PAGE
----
Why? Perhaps because for the first time since Netanyahu ran and lost against Ehud Barak in 1998, there is an opponent Israelis feel is just as equipped to be Prime Minister as he is former chief of staff Benny Gantz. Even more important is the realization that the Israeli justice system is closing in on the Prime Minister. It has been a year since the police made their initial recommendation that Netanyahu be indicted. Since then, police have recommended Netanyahu be indicted in two additional cases, and the Office of State's Prosecutor has agreed with the police and turned over the final decision to the Attorney General.

When it became clear an indictment would be handed down, Netanyahu tried to delay the decision by calling for the early election. However, the AG has moved quickly and has indicated he will soon make his announcement — despite a plea by Netanyahu's lawyers that the announcement not be made before I Israelis go to the poll. Still, under Israeli law, before a public official is indicted, that official has the right to respond to the allegations, before being formally charged. This process can take six months to one year. As things stand, when Israelis go to the polls on April 9th, Netanyahu will not officially be under indictment - but he will certainly be under a cloud.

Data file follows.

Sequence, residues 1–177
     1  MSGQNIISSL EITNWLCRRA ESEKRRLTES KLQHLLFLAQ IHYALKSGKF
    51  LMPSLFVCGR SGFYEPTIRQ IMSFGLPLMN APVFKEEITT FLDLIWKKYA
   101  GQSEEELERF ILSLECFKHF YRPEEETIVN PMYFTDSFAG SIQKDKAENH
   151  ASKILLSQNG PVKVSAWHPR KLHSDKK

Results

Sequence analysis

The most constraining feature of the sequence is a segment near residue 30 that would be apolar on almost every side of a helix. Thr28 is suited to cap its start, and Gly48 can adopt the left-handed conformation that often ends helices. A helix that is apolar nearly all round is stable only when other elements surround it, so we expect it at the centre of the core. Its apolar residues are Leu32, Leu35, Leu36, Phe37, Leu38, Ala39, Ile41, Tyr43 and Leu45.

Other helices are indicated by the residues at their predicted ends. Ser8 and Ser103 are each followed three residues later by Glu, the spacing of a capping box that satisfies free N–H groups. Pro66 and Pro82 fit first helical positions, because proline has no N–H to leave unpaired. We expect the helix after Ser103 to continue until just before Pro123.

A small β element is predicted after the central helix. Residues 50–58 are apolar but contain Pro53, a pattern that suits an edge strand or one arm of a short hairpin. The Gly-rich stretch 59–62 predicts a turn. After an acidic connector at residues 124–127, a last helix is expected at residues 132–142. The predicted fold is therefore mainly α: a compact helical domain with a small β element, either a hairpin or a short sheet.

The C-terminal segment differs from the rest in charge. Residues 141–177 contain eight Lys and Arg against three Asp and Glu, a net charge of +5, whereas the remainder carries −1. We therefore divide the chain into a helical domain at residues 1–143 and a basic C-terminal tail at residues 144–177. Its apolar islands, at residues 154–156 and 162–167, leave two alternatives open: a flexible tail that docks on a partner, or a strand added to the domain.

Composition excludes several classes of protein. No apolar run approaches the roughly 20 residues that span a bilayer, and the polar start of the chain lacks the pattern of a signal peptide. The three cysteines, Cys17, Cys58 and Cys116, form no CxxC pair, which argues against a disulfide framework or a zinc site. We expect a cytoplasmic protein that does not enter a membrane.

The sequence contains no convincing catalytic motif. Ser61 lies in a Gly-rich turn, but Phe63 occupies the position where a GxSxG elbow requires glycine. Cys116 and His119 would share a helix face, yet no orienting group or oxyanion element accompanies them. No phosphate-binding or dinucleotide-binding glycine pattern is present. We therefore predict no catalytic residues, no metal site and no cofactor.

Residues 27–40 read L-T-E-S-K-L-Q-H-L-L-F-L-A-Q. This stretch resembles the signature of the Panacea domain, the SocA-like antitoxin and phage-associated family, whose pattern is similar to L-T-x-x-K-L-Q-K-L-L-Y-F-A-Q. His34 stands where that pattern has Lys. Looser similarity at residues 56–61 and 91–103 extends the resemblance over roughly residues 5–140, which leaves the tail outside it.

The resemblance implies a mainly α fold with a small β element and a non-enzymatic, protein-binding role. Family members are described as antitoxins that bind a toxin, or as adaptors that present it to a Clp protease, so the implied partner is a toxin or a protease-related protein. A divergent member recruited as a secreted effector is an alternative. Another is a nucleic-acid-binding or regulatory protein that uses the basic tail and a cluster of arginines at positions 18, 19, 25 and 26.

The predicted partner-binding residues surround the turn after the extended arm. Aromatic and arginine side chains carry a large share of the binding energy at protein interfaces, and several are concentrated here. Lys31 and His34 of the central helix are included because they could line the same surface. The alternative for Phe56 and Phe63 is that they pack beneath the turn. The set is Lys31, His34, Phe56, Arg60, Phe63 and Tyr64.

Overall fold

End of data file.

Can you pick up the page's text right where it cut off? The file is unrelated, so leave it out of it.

So what is Netanyahu doing to ward off the twin threats? Against the threat of indictment, he has been taking a page from President Donald J. Trump's playbook and calling all of the mainstream media "fake news." By doing so, he hopes to insulate himself somewhat from the expected coverage of the indictment. Unlike Trump, who seems to enjoy being interviewed, Netanyahu has not been interviewed by the mainstream Israeli press in four years. He has had two impromptu press conferences — one with economic reporters and one with the traveling press in Brazil, but none with the regular political reporters who cover him. Instead, Netanyahu relies on Israel's most widely circulated newspaper, owned by his patron Sheldon Adelson. More recently, Netanyahu created a new TV channel — Likud TV, where he gives "interviews" many times a week.